Longitudinal Study of Amygdala Volume and Joint Attention in 2- to 4-Year-Old Children With Autism

UNC Neurodevelopmental Disorders Research Center, The University of North Carolina at Chapel Hill, Chapel Hill, NC 27599-3367, USA.
Archives of general psychiatry (Impact Factor: 14.48). 06/2009; 66(5):509-16. DOI: 10.1001/archgenpsychiatry.2009.19
Source: PubMed


Cerebral cortical volume enlargement has been reported in 2- to 4-year-olds with autism. Little is known about the volume of subregions during this period of development. The amygdala is hypothesized to be abnormal in volume and related to core clinical features in autism.
To examine amygdala volume at 2 years with follow-up at 4 years of age in children with autism and to explore the relationship between amygdala volume and selected behavioral features of autism.
Longitudinal magnetic resonance imaging study.
University medical setting.
Fifty autistic and 33 control (11 developmentally delayed, 22 typically developing) children between 18 and 35 months (2 years) of age followed up at 42 to 59 months (4 years) of age.
Amygdala volumes in relation to joint attention ability measured with a new observational coding system, the Social Orienting Continuum and Response Scale; group comparisons including total tissue volume, sex, IQ, and age as covariates.
Amygdala enlargement was observed in subjects with autism at both 2 and 4 years of age. Significant change over time in volume was observed, although the rate of change did not differ between groups. Amygdala volume was associated with joint attention ability at age 4 years in subjects with autism.
The amygdala is enlarged in autism relative to controls by age 2 years but shows no relative increase in magnitude between 2 and 4 years of age. A significant association between amygdala volume and joint attention suggests that alterations to this structure may be linked to a core deficit of autism.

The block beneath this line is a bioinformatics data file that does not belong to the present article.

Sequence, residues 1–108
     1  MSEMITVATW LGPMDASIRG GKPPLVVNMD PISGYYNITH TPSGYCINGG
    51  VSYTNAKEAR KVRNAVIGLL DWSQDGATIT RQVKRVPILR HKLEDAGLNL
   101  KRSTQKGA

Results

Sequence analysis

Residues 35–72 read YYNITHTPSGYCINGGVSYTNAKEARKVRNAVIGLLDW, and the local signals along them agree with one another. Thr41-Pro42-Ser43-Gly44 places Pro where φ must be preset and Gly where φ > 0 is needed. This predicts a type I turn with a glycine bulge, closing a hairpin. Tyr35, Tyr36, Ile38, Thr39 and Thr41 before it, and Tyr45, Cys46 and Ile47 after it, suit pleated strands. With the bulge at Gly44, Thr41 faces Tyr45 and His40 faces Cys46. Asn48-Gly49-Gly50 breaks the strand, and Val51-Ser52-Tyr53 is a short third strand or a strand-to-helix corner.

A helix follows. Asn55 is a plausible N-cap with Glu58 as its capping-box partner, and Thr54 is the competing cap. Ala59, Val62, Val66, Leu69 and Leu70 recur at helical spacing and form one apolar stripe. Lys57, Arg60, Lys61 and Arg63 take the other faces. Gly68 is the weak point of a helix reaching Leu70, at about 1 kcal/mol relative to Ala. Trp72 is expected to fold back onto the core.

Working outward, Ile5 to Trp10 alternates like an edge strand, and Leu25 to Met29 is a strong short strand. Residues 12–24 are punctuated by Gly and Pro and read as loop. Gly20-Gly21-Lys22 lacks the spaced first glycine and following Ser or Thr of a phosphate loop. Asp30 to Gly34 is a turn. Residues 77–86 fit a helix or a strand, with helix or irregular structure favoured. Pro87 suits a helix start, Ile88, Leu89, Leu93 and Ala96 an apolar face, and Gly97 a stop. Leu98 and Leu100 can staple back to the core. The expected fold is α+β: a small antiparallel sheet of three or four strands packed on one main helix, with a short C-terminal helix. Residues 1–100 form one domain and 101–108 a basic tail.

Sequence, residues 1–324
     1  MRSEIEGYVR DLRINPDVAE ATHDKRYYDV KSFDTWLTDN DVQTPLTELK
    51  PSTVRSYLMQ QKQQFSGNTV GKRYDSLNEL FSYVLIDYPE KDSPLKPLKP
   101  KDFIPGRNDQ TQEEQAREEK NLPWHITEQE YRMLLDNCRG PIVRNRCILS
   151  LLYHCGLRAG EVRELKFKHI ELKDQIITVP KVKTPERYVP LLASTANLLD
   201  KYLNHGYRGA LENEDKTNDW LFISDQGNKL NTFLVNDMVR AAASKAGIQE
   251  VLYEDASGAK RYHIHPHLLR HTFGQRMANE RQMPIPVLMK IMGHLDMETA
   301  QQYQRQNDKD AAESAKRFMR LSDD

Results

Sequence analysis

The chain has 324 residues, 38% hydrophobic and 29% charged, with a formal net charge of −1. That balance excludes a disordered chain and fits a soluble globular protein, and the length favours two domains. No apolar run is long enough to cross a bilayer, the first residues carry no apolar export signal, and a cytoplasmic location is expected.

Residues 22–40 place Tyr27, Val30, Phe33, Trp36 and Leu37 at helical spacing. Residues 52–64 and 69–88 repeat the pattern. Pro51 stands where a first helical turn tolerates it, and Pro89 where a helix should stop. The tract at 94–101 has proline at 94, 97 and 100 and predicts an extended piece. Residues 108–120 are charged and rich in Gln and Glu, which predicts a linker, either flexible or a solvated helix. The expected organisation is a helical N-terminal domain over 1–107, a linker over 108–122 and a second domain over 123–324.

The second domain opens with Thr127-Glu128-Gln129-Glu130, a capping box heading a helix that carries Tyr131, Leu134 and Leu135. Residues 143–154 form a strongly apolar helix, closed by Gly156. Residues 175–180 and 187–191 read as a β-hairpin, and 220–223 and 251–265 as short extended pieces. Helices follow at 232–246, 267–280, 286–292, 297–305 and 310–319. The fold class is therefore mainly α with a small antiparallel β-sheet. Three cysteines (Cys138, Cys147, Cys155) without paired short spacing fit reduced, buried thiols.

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    • "• No significant differences in responses to JA S14 ZWAIGENBAUM et al at Univ Of Alberta on October 1, 2015 pediatrics.aappublications.org Downloaded from TABLE 1 Continued Reference Findings Type of Study Sample Ascertainment Outcome Diagnosis Comments Mosconi et al, 36 2009 "
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    • "While the basic architecture of the human amygdala is present at birth (Humphrey, 1968; Ulfig et al., 2003), it does appear to undergo significant structural and functional remodeling and refinement across the infancy, childhood and adolescent stages of development (see Tottenham, 2014; Tottenham & Sheridan, 2009, for a review). While the most rapid postnatal volumetric growth occurs soon after birth (e.g., over 100% increase in volume from 0-1 year followed by a 9% increase from years 1-2, Gilmore et al., 2012; also see Payne et al., 2010; Uematsu et al., 2012), the amygdala continues to increase in volume until 4 years of age in females and 18 years of age in males (Giedd et al., 1996; Mosconi et al., 2009; Nordahl et al., 2012; Schumann et al., 2004). Amygdala physiology also undergoes significant change early in life. "
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